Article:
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Wednesday, Jan. 24, 2007 02:24 pm

Springfield’s hotties

Two locals are tapped to spread Al Gore’s global warming message

Untitled Document A middle-aged African-American woman from Springfield and a white male professor from the local university recently discovered they have something in common with hot celebrity actress Cameron Diaz as well as billionaire venture capitalist John Doerr. What could it be? All four recently spent a week holed up in a Hilton in Nashville, Tenn., undergoing intensive training at the hands of former presidential candidate Al Gore Jr. to become Climate Change Messengers, or foot soldiers in the campaign to raise awareness of global warming. Ceceilia Haasis, employment resources manager at Springfield Center for Independent Living, and Jim Bonacum, assistant professor of biology at University of Illinois at Springfield, were among the one thousand volunteers from around the world selected to participate in Gore’s Climate Project, an organization designed to further the message sent by Gore’s Oscar-nominated documentary, An Inconvenient Truth. The training was conducted in five separate sessions, each with about 200 participants. The trainees were selected from a deluge of online applicants said to number somewhere between 4,500 and 10,000. Each applicant had to complete a questionnaire asking about their interest in the environment and their experiences in public speaking. All trainees are given a PowerPoint program and about 800 slides and asked to give 10 presentations over the coming year. Bonacum, who teaches genetics at UIS, seems like a natural fit — a biologist who says he has been worried about the issue for years. “Gore’s film really articulated the problem very, very well,” he says. “But when I saw it, I was sitting in a movie theater with my girlfriend and maybe two other people. So I was concerned about getting the word out.”
Haasis applied when a friend circulated an e-mail to her “sisters” group at the Abraham Lincoln Universalist Unitarian Congregation. Though she’s not a scientist, Haasis says Gore has packaged the information in a way that is easily understandable. “He has slides that show ice cubes melting and spilling out of a glass. He makes it very simple,” she says. Their classmates included people from across America and a few foreign countries. “I was actually amazed by the diversity of people there,” Bonacum says. “The youngest was 14.”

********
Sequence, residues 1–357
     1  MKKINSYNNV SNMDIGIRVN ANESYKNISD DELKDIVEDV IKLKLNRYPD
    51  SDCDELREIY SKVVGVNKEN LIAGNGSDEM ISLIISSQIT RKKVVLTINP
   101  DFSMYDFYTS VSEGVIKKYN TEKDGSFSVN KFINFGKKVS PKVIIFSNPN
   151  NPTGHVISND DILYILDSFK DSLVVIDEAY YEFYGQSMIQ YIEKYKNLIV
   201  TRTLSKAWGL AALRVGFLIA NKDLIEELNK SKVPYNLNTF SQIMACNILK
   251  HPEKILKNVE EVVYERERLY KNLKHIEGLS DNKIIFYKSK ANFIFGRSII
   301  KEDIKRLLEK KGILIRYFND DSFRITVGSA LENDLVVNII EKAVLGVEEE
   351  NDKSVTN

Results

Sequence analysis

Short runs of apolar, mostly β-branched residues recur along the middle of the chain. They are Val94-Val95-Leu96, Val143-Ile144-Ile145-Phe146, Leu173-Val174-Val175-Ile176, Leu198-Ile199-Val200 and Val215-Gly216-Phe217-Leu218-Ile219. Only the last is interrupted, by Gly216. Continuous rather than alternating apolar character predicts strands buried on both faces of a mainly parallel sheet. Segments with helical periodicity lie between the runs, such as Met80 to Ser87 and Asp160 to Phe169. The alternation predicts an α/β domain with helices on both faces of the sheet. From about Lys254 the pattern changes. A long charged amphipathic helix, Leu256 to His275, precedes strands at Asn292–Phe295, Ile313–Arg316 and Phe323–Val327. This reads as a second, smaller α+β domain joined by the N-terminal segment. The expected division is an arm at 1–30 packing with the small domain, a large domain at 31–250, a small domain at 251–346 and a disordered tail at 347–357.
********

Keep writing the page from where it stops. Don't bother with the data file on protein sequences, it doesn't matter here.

“One at my table was a Roman Catholic priest, who was going to give the presentation to all these different congregations,” Haasis says. “There was a young girl about to start teaching high school. There were scientists, business people, just people from every walk of life. Their common interest was the climate crisis, and this is what they felt they could do to help.”
That included Diaz, who blended right in with the tree-huggers. “She sat at my table,” Haasis says. If Diaz was distraught over her much-publicized breakup with Justin Timberlake, Haasis didn’t notice. “She seemed fine. Of course, she’s an actress . . . . ”
Gore spent a full day going through the presentation with the trainees, slide-by-slide. “He’s very funny and he tells great jokes,” Haasis says. Then they gathered into smaller groups to examine the information more closely. The training ended with a day devoted to participants giving snippets of the presentation. Both Haasis and Bonacum say they came home from the training inspired to make their own lives less stressful to the planet. Haasis hopes to walk more instead of taking her car everywhere; Bonacum has switched the lights in his apartment to compact fluorescent bulbs, and hopes to put his thermostat on a timer to reduce the heat generated during the day, when no one’s home. “I try to live a relatively simple life, to minimize my carbon footprint,” he says. He and Haasis are eager to put on their show free of charge for any interested group in the Springfield area.  

Contact Dusty Rhodes at drhodes@illinoistimes.com.
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